P. Wahl

Szczecin University (POLAND)
At the beginning the article presents the current state of the mainstream Foreign Language Teaching / Learning (FLT/L) practice against the background of the Common European Framework of Reference for Languages (CEFR), and describes its most popular format; FLT/L refers to all languages, yet a specific position of English has been underlined.

The key point of the article is that the current state of the mainstream FLT – which is not only a natural intuition of most people engaged in FLT but is also based on numbers – is ridiculous: the system does not work properly in most places (and to work properly means here to work effectively enough), in spite of the fact that its methods, techniques and procedures have achieved a good or even excellent level. It means that the existing FLT methods, techniques and procedures are not the place where defects should be looked for.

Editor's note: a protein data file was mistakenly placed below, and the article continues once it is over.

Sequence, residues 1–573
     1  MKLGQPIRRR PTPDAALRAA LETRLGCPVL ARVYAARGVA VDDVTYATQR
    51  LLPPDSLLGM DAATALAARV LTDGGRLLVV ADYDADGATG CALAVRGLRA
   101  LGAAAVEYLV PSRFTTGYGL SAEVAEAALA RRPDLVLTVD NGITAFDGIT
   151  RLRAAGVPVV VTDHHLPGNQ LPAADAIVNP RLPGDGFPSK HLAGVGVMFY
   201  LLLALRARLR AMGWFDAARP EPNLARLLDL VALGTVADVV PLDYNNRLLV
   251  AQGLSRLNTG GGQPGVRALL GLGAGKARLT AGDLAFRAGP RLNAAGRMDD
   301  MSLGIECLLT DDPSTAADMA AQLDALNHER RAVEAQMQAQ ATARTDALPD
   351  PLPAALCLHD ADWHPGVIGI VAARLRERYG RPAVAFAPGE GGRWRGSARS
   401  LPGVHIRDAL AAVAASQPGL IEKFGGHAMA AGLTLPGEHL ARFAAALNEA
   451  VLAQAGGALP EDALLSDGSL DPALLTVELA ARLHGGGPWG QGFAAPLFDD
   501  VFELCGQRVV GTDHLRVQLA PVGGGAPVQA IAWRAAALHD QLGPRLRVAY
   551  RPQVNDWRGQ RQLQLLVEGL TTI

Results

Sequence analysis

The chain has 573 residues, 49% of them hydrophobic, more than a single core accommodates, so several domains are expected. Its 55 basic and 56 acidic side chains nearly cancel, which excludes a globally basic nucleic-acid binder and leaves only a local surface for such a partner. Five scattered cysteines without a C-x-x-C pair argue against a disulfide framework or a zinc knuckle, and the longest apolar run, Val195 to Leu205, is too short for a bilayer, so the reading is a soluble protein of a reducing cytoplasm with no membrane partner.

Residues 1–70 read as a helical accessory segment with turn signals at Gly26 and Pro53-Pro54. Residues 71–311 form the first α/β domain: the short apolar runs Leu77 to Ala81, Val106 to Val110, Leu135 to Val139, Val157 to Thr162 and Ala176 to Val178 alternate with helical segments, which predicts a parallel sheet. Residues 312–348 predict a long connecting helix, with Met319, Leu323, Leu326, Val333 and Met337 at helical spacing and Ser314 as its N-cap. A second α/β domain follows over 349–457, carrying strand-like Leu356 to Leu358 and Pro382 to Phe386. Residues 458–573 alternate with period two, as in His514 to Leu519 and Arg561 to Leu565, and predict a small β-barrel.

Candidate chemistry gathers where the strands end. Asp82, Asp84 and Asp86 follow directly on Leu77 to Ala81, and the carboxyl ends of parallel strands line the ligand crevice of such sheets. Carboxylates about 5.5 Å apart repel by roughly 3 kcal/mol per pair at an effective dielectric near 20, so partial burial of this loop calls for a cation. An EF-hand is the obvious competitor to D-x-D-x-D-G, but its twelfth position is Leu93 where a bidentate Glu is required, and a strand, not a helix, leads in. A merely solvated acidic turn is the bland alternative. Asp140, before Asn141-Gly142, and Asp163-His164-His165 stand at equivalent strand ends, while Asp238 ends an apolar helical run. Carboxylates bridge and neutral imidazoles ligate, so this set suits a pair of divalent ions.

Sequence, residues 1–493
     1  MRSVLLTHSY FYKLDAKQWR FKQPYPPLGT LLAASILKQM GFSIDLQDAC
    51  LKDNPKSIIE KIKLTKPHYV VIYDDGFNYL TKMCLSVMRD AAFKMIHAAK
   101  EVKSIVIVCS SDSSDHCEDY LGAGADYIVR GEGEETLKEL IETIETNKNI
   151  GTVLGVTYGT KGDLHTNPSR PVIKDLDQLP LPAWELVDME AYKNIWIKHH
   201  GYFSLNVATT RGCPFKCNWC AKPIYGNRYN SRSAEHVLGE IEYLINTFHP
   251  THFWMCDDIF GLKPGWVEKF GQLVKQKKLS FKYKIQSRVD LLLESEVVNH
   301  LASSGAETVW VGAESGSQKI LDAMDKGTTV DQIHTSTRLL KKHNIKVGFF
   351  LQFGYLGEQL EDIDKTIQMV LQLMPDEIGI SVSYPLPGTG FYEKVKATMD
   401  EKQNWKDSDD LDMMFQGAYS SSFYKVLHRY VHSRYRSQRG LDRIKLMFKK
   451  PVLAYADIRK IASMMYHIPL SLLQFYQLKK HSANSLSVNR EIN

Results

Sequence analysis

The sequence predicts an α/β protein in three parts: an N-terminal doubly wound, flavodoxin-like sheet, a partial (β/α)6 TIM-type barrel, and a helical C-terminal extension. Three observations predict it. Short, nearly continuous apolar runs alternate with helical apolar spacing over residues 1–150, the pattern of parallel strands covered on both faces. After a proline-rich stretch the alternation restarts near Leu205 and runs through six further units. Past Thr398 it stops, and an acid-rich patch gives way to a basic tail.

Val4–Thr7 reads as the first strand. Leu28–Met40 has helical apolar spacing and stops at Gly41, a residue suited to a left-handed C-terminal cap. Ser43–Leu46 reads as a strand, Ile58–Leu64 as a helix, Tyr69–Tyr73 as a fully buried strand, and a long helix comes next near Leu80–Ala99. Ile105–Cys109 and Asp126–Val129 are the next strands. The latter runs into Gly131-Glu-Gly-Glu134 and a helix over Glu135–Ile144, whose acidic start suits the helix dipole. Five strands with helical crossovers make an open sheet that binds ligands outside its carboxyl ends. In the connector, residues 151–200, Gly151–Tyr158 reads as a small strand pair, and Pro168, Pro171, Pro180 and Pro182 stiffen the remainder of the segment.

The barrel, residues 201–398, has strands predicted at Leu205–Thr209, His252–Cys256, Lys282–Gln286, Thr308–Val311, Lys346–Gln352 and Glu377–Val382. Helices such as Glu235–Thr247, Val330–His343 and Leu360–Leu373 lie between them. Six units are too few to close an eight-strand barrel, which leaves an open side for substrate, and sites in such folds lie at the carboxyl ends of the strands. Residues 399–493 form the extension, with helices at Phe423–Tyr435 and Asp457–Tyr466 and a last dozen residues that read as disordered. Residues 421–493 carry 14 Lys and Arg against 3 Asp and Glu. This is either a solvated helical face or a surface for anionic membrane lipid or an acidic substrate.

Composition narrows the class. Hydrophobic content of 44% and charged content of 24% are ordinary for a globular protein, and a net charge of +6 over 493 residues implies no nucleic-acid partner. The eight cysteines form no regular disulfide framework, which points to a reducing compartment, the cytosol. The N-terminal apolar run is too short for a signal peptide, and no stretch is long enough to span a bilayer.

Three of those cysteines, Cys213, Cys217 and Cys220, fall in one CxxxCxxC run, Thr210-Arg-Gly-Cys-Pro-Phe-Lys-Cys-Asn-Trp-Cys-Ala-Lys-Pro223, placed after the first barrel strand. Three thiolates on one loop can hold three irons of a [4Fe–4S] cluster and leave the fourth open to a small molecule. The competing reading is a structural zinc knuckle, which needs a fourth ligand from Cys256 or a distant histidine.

The next logical step was to define the FLT/L effectiveness and indicate how to measure it in a quantified way. If the effectiveness-measuring mechanism is correct, the only source of FLT malfunctioning must be the theoretical framework FLT operates within.

Applied Linguistics (which FLT/L is an inseparable part of) is not an autonomous discipline, just the reverse: it has strong roots in General Linguistics and its theories. The theoretical basis for FLT/L has been investigated and some shortcomings identified. If the ensuing diagnosis had been correct, the conclusions concerning some possible ways to improve the situation might be so as well.

The final suggestion of the article is that it might be time to change the theoretical paradigm the present-day FLT/L is based on; and the article is attempting to outline the ways how to begin the task. One of these ways is teaching several cognate languages in a parallel manner according to the Synoptic Method, which is not so novel as it seems.